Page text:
Nordic cuisine burst onto the scene thanks to an inherent cool factor and some incredibly creative chefs. Bright culinary minds like René Redzepi made foraging less something hungry folks do when the pickings are slim than a food genre able to fetch the highest prices in the finest restaurants.
In Iceland, it’s a different story. Granted, the nation’s hub of Reykjavik has its own impressive cast of forward-thinking restaurants. Yet, the nature of the nation — an isolated island of volcanoes and tundra about the size of the U.K. — means you have to work with what’s there. Just about anything can be shipped in, but at a real cost. So the descendants of Vikings get creative with what’s in their backyard.
A national dish, hákarl translates to “rotten shark” in English. Hungry? It’s made from various kinds of sleeper shark that roam the cold, cold waters of the Atlantic. the shark is buried and cured for several months, fermenting naturally en route. The result is an extremely pungent dish often served in small bites, chased by Brennevín.
Tourists gag on the stuff all the time and Bourdain famously called it the worst thing he’d ever eaten. Most Icelanders see it more as a fascinating old ritual than a real snack these days. A much better way to get your Icelandic seafood fix is via lobster, which is quite cheap and plentiful there, or any number of local cod recipes (dried versions make a great snack). Minke whale can be found and eaten on the island, but it’s more of a tourist trap than a real dish.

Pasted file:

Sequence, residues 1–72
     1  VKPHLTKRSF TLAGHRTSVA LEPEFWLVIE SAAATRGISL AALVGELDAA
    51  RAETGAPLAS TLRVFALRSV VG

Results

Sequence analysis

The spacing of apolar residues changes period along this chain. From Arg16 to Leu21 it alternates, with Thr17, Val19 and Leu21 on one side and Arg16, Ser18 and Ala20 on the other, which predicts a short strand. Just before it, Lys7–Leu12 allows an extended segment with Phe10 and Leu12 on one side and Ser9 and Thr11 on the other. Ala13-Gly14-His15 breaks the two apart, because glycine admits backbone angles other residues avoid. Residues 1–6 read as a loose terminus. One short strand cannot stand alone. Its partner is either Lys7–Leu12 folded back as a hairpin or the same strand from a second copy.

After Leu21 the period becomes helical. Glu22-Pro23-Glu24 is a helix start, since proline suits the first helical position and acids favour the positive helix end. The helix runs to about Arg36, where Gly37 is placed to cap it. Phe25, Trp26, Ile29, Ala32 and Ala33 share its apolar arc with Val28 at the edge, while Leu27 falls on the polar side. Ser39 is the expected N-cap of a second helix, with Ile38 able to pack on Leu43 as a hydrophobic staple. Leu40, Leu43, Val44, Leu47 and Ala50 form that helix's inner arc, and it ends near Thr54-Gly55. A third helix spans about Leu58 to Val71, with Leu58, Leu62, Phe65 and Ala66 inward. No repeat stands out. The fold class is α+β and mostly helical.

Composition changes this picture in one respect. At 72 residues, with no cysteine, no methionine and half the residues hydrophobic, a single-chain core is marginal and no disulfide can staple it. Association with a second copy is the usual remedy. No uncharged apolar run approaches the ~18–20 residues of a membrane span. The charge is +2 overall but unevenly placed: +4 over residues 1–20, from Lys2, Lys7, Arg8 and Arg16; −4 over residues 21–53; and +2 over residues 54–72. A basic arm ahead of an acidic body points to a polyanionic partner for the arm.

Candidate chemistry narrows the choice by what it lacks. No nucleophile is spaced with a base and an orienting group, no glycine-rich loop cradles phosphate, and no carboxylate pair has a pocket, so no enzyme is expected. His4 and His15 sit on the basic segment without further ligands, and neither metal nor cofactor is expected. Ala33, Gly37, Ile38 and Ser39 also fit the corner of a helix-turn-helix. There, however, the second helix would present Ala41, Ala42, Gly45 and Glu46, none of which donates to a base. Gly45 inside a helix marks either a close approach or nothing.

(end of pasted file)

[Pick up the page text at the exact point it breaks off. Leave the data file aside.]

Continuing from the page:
Come summer, Iceland and other Nordic countries are greeted by massive puffin colonies. Locals love the adorable animal (known as lundi), and don’t eat as much of it as they used to. But it’s still considered a delicacy, especially the heart. Smoked, it comes off a bit like pastrami. The hunt is perhaps the most interesting part, involving folks on cliffsides going after the coastal birds with large, butterfly net-like contraptions.
It’s great as a steak or gamey burger and makes a fine stew. Some Icelanders make a soup of reindeer, especially around the holiday stretch. And before you freak out about enjoying a taste of Rudolph, know that they roam the open lands of the eastern part of the country. It’s a little like eating elk or antelope here in the states. There are some intriguing recipes online and most suggest that if you can’t find reindeer, substitute deer. A great reference is this cookbook.
A lot of Icelandic produce is grown in greenhouses. But there are some natives too, like crowberries, a subarctic edible that imparts a fresh air of brightness to all it touches. It can make for a great liqueur or syrup to top any number of Icelandic breads. The fruit can also be concentrated and served as a lovely complement to another Icelandic staple in lamb.
Juniper berries function much the same way, offering a bit more in the way of herbaceous flavors. There’s also the bilberry, which the northernmost winery in the world likes to use. It’s like a blueberry, only smaller, like so many boreal things. There are wild strawberries, too, though they are tougher to come across. All of these little fruit work wonderfully with the many root vegetables and wild herbs that exist in the area. And if you don’t believe me, check out an always-entertaining episode of New Scandinavian Cooking.
You can find some of these ingredients at specialty butchers and Scandinavian stores stateside. Alternatively, you can always honor Viking tradition with a good hot dog and beer.
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